What you need to know about the blackmail scam which threatens to reveal personal information
PUBLISHED: 12:19 28 March 2019 | UPDATED: 15:30 28 March 2019
Archant Norfolk Photographic © 2011
Scammers are targeting people in Norfolk with emails threatening to release personal information to contacts if money is not transferred.
Norfolk County Council’s trading standards team said they have received several reports of the scam, which includes attempts to blackmail recipients with personal information, including details of online activity, photographs and passwords.
Messages often say the sender has “hacked this mailbox” or has been “observing you online”, sometimes including a password that will be known to the recipient.
They often claim to have access to social media and email accounts, browsing history and contacts, as well as photos and videos from the person’s computer.
Scammers will also make accusations over websites they have visited, and threaten to share the information with contacts unless an amount is paid in Bitcoin, a form of electronic currency.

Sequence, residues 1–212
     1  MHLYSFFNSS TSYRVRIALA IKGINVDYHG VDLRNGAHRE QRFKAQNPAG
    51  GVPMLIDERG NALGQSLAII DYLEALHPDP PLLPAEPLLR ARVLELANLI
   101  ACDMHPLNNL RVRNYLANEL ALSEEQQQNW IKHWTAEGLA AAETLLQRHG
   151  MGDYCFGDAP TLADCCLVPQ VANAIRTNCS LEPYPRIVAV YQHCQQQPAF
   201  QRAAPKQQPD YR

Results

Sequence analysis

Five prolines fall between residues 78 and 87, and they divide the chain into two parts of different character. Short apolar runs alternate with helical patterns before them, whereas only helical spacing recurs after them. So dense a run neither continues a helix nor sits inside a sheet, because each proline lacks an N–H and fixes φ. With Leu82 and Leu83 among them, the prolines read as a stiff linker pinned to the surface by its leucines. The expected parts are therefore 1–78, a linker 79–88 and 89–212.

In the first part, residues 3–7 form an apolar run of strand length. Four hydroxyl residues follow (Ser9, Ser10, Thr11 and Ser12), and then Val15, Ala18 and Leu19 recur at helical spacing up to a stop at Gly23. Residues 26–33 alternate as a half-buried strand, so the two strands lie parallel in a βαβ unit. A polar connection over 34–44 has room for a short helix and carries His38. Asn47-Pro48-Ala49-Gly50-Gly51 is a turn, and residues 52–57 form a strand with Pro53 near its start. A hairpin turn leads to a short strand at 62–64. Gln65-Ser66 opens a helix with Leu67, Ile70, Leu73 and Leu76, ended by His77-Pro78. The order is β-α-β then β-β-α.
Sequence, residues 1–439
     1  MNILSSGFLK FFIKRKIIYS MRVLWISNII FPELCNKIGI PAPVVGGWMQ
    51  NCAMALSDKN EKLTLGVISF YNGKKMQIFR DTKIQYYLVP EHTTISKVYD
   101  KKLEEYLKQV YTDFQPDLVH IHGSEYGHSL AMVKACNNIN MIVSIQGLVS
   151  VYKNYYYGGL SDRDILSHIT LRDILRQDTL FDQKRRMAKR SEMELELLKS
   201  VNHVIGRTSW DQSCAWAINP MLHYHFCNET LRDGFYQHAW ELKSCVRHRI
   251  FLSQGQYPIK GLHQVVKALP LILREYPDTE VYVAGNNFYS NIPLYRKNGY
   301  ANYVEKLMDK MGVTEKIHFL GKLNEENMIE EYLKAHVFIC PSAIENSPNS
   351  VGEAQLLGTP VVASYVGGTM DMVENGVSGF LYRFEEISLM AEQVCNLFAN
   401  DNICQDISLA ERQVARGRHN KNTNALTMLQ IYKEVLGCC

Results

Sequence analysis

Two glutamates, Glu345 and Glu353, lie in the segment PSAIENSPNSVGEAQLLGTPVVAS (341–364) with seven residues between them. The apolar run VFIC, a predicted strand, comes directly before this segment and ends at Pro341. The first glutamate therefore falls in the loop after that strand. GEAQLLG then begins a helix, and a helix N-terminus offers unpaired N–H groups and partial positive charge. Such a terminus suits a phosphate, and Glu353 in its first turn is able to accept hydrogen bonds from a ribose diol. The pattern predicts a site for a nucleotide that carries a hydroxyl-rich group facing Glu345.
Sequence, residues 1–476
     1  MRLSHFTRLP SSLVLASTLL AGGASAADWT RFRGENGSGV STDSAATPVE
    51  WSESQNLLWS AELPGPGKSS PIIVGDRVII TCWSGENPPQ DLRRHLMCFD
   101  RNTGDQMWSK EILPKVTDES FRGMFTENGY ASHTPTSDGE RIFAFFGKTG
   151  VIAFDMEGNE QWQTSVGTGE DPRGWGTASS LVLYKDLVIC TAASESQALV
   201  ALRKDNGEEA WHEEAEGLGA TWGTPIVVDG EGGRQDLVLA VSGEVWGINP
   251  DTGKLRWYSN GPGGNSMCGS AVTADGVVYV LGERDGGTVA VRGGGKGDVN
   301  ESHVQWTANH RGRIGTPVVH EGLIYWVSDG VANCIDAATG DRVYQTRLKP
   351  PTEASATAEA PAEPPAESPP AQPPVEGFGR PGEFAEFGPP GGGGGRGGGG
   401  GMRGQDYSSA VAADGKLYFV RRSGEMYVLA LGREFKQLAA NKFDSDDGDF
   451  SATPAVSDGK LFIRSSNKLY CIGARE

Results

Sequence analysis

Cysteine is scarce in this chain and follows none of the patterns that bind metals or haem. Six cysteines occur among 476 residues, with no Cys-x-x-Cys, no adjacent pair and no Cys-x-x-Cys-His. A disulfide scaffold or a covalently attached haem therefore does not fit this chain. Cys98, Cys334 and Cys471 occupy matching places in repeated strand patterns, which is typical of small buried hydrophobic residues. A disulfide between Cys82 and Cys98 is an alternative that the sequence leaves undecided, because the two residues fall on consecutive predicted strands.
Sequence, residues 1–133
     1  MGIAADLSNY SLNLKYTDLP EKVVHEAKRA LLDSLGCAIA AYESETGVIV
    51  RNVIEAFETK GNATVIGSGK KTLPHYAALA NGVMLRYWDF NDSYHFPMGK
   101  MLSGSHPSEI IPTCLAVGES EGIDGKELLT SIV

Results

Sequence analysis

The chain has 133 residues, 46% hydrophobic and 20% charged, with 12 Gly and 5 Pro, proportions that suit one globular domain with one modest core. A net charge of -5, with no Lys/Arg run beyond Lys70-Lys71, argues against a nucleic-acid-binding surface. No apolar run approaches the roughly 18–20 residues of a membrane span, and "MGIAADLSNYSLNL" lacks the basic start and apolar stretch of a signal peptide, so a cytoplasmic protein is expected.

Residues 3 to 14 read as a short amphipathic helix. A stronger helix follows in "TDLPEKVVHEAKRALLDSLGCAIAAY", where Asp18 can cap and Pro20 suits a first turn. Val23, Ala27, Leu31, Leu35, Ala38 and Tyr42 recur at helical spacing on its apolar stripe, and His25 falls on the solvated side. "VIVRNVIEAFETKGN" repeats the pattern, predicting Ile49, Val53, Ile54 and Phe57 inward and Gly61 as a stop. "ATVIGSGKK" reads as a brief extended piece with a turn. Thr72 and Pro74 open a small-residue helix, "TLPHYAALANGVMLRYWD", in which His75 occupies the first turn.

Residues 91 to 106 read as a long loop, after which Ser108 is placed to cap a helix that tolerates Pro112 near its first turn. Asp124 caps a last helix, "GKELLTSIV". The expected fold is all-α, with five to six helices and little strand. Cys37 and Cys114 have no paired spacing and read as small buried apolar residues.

Stephen Maunder, community protection officer for Norfolk trading standards, said the team had been alerted to examples in Norfolk of emails which included the recipient’s password, and ones without.
He said there had also been instances where the message appeared to be sent from the recipient’s own email address.
“It’s hard to pin down what, if any, information they have, but if passwords are included then that’s likely to have come from a data breach,” he said. “There have been a number of high-profile data breaches which, unfortunately, means some information is now out there, but it might be old.
“The vast majority are likely to be scams, sent out to thousands of people at once.”
He said, either way, their advice was to delete the email and not reply.
In an example email shared by trading standards, the sender says “you entered a password on the websites you visited, and I intercepted it”, and makes a joke about the recipient’s “good taste” in browsing history.
Action Fraud has urged people not to reply to the email or feel pressured into paying - “it only highlights that you are vulnerable and you could be targeted again”, they said.
They say you should reset the password, where possible, on any accounts where you have used the password mentioned, and install anti-virus software. If you have already paid the sum, report it to the police.
• Have you been affected by a scam? Email email@example.com